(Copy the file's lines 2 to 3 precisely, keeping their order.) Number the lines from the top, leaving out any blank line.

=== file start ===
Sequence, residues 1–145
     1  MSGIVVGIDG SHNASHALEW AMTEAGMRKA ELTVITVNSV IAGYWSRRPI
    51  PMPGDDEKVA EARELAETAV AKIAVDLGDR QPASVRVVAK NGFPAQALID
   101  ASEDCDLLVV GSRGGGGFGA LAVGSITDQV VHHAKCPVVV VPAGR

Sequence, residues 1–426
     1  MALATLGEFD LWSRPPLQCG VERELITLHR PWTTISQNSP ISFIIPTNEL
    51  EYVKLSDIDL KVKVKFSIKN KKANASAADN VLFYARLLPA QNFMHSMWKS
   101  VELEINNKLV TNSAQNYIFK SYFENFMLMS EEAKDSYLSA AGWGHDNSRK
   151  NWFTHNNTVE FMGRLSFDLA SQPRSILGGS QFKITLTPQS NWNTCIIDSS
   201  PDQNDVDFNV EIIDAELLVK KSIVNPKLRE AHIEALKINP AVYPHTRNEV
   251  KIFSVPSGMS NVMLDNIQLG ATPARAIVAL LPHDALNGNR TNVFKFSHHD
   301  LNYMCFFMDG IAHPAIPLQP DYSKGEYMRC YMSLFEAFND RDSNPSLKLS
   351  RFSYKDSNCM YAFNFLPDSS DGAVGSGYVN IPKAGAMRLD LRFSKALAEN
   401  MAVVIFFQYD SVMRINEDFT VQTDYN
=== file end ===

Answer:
     1  MSGIVVGIDG SHNASHALEW AMTEAGMRKA ELTVITVNSV IAGYWSRRPI
    51  PMPGDDEKVA EARELAETAV AKIAVDLGDR QPASVRVVAK NGFPAQALID